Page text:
Mar. 28th, 2016

The past decade in Boston transit has seen a massive increase in the number of CCTV cameras deployed around the MBTA system.  Several are seen in most rapid transit stations, newer buses have several apiece (and a video monitor showing you what's being recorded), and the monitoring stations are consciously placed in places like the South Station subway concourse where the general public can see them.  "Sure, Big Brother is watching you," the T says, "but it's for your own safety."

This rubs me the wrong way.

Meanwhile, across the pond, I also read the reports of the British Rail Accident Investigation Branch.  These are fascinating from an engineering point of view because they try to explain and analyse, in plain English, what actually happened and could be improved: maybe a lorry backed into a bridge pushing the 150-year-old brickwork on to the tracks, which a train hit 10 minutes later, but why didn't 999 contact the signaler to have them stop the train, and why was the damaged train allowed to continue at 100 mph after the accident cleanup?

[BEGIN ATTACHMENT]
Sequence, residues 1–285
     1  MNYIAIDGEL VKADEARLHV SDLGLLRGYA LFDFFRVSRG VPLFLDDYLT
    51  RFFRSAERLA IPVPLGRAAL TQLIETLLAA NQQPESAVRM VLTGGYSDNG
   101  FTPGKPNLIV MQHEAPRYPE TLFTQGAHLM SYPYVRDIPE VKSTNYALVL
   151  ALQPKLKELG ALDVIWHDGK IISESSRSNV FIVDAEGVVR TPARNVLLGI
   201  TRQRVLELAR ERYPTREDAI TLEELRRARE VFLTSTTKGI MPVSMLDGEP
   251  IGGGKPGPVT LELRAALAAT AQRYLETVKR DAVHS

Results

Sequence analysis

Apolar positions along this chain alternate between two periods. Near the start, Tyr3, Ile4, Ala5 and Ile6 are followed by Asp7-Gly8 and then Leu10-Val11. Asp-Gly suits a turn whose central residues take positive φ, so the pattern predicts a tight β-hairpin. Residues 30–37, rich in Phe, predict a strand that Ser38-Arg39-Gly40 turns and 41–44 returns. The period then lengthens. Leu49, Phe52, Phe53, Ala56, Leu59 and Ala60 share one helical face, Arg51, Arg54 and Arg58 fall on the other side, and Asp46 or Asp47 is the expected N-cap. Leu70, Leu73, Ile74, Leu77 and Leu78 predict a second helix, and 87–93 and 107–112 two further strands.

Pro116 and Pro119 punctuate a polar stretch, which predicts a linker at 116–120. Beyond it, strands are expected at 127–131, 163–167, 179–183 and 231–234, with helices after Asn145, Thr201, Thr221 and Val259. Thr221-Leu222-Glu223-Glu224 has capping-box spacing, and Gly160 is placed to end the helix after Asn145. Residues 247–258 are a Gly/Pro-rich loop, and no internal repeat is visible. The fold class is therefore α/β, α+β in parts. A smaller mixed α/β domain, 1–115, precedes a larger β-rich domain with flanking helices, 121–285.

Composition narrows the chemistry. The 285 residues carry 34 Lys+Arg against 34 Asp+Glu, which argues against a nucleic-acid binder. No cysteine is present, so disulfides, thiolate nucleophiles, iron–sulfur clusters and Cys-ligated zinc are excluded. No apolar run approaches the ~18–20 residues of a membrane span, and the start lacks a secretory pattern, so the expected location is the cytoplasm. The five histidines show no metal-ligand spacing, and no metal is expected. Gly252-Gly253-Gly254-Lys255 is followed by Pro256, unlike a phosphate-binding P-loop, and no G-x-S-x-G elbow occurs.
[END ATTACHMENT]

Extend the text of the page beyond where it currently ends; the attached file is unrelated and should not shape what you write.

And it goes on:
The RAIB reports are also good for including pictures of relevant parts of an incident: here's a picture of the pin assembly on an intermodal flat car, here's what it would look like if it was hanging off the edge of the train, here's the picture of the train platform said pin assembly hit at 60 mph.  Depending on the incident, many of the pictures come from CCTV imagery, including pictures from remotely manually controlled level crossings and station platforms.

This use of CCTV imagery I'm very okay with; but it does actually depend on having cameras in a lot of places so that you can collect together a photographic history of the train.  "We're watching our infrastructure and our trains to make an already safe system safer" seems like a positive message; much better than "we're watching you".



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